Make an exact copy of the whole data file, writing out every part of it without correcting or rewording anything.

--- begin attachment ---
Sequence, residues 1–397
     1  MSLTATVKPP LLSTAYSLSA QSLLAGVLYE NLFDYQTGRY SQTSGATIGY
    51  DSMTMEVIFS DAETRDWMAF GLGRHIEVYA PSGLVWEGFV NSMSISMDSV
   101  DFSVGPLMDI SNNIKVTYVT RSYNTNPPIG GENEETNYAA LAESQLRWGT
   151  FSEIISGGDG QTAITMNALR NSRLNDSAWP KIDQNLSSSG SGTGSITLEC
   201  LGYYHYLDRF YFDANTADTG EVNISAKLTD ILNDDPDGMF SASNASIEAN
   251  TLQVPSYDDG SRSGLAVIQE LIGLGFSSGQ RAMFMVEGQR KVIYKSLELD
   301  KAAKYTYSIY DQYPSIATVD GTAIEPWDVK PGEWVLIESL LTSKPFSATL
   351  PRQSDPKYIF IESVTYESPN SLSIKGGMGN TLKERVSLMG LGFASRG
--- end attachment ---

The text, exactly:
Sequence, residues 1–397
     1  MSLTATVKPP LLSTAYSLSA QSLLAGVLYE NLFDYQTGRY SQTSGATIGY
    51  DSMTMEVIFS DAETRDWMAF GLGRHIEVYA PSGLVWEGFV NSMSISMDSV
   101  DFSVGPLMDI SNNIKVTYVT RSYNTNPPIG GENEETNYAA LAESQLRWGT
   151  FSEIISGGDG QTAITMNALR NSRLNDSAWP KIDQNLSSSG SGTGSITLEC
   201  LGYYHYLDRF YFDANTADTG EVNISAKLTD ILNDDPDGMF SASNASIEAN
   251  TLQVPSYDDG SRSGLAVIQE LIGLGFSSGQ RAMFMVEGQR KVIYKSLELD
   301  KAAKYTYSIY DQYPSIATVD GTAIEPWDVK PGEWVLIESL LTSKPFSATL
   351  PRQSDPKYIF IESVTYESPN SLSIKGGMGN TLKERVSLMG LGFASRG